Texts can help when someone is dealing with a mental health crisis
UBCO researchers examine user responses to text-based crisis lines.
Can a text conversation provide the support needed when someone is seeking help during a mental health breakdown?
New research from UBC Okanagan is saying yes, crisis text lines are useful and effective.
Dr. Susan Holtzman (MA'02, PhD'07), who teaches psychology in the Irving K. Barber Faculty of Arts and Social Sciences, explains that mental health crisis services have expanded recently beyond telephone hotlines to include communication methods such as live chat and texting.
Dr. Holtzman notes there is growing pressure in Canada to create one three-digit suicide crisis hotline which would be similar to the one launched recently in the United States. If implemented in Canada, not only would it be easier for Canadians to immediately access help, it would also confirm that Canada sees mental health care and suicide prevention as serious matters of concern.
“Every year, millions of people all over the world reach out to crisis text lines,” Dr. Holtzman says. “However, because crisis text lines are anonymous, very little is known about the user experience. And despite rising mental health problems worldwide and a high uptake of crisis text line services, they remain understudied.”
Dr. Holtzman’s team, led by clinical psychology doctoral student Alanna Coady, turned to Twitter posts to examine how crisis text lines users responded to their experiences with the crisis lines.
Analyzing 776 tweets the research team examined six main themes including approval, helpful or unhelpful counselling, service delivery issues, accessibility, and whether the service suits multiple mental health needs.
Overall, results determined text-based crisis support works, as many users reported positive experiences of effective counselling including helpful coping skills, de-escalation, and reduction of harm.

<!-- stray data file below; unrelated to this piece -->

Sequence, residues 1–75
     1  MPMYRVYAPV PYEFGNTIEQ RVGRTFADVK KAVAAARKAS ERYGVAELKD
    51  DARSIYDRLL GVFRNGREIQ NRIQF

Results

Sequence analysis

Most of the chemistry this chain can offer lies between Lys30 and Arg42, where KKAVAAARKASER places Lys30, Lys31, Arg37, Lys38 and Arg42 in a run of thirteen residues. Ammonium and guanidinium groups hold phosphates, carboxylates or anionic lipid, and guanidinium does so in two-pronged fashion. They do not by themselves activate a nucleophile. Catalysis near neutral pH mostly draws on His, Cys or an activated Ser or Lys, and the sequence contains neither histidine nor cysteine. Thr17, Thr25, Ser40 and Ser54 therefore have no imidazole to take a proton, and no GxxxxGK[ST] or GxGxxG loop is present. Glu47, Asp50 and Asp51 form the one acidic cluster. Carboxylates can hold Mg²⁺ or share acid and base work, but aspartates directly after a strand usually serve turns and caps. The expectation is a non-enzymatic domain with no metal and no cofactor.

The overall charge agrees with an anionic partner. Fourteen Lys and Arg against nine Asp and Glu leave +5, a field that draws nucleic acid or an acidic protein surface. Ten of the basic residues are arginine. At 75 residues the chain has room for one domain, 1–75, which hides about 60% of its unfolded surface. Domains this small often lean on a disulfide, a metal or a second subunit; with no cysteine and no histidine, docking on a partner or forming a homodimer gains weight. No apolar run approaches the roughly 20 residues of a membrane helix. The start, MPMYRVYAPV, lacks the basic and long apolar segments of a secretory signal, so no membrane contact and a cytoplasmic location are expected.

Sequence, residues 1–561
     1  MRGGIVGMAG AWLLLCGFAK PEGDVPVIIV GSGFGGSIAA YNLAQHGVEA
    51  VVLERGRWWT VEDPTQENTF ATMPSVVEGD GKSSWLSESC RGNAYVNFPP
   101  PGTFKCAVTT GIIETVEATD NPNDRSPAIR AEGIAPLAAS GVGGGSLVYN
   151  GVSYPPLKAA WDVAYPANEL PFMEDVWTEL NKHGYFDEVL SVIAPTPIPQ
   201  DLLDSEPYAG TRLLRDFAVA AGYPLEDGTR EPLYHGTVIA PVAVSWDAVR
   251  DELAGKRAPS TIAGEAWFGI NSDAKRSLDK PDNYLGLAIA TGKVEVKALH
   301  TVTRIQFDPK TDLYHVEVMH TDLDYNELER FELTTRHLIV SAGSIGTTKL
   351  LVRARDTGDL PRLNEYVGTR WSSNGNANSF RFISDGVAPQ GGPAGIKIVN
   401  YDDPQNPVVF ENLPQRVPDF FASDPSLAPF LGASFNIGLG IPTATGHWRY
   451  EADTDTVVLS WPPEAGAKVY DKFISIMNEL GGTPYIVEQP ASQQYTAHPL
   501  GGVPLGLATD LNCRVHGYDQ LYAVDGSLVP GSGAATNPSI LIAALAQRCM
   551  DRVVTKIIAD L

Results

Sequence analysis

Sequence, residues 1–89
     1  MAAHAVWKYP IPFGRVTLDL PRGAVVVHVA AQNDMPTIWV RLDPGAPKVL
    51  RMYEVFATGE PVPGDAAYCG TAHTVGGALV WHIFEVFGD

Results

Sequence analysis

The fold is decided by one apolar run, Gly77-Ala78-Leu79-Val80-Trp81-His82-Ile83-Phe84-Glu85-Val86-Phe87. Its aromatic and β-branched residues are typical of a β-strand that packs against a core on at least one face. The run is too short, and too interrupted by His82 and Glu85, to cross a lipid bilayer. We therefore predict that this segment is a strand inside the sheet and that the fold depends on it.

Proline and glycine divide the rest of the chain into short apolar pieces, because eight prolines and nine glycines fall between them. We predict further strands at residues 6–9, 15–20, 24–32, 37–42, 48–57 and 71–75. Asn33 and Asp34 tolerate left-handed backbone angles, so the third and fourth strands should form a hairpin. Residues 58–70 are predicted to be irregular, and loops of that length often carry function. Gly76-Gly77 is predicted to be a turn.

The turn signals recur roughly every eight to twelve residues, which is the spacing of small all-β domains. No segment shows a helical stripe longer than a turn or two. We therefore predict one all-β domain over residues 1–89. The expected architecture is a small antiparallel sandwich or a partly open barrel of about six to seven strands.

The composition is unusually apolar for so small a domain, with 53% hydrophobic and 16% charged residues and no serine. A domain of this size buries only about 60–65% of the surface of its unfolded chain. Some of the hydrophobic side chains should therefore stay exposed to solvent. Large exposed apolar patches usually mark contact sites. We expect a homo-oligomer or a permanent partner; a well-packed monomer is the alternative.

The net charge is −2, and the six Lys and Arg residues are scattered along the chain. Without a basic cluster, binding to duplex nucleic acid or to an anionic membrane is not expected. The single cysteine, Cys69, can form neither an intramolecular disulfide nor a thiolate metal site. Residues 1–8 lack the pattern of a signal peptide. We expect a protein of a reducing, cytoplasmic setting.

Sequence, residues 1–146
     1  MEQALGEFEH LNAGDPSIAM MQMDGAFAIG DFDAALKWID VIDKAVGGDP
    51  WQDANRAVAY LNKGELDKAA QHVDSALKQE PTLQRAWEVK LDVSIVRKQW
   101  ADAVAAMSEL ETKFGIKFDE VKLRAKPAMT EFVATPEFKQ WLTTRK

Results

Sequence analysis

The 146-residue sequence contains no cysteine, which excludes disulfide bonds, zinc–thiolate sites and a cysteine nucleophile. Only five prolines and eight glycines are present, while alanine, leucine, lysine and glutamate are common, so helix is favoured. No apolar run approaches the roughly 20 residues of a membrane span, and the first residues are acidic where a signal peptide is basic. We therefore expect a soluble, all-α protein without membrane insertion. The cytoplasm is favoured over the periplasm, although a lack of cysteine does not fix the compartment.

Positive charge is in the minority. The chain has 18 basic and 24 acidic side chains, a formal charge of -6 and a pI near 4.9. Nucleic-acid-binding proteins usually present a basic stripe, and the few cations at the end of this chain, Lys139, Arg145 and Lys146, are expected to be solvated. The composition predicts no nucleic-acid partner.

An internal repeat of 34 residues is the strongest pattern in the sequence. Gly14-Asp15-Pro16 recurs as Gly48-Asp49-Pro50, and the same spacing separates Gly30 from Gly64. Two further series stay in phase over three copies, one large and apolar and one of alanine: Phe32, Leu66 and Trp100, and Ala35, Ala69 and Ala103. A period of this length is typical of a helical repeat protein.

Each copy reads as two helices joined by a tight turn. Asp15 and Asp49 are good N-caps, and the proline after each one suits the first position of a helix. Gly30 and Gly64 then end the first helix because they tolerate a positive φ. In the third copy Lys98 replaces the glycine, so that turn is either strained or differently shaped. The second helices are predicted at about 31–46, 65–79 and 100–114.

“The goal of this project was to gather first-hand accounts of people who use crisis text lines to better understand the benefits and limitations of these services,” Coady explains. “Many users preferred the discreetness of texting over calling a crisis line, and the majority of tweets indicated that users found the service helpful.”
However, she notes there are drawbacks to texting crisis lines, including long wait times. Users also noted that some responses from counsellors were described as cliché, overly scripted or invalidating. This could be somewhat related to the texting platform, she explains, which can be more prone to misunderstandings.
“While some people may encounter negative reviews of crisis text lines on social media, our findings suggest that positive experiences are much more common and users report a wide range of benefits, including feelings of validation and concrete coping strategies,” Coady adds. “Overall, crisis text lines appear to be a promising method of delivering crisis support.”
Dr. Holtzman notes the study, published recently in Internet Interventions, did not make a direct comparison between telephone and text-based crisis lines. The purpose of the research was to examine user response. Results also identified areas for improvement, particularly ensuring more timely service delivery and effective communication of empathy.
“Our findings highlight that more research is needed to understand how we can effectively communicate empathy and understanding through texting,” she says. “At the same time, this research suggests that even a brief text-based conversation with a trained counsellor can lead users to feel safe and supported during their darkest hours. Given the many barriers to mental health treatment in our society, as well as the further strain caused by the pandemic, text-based crisis lines warrant much more attention from researchers than they have been given in the past.”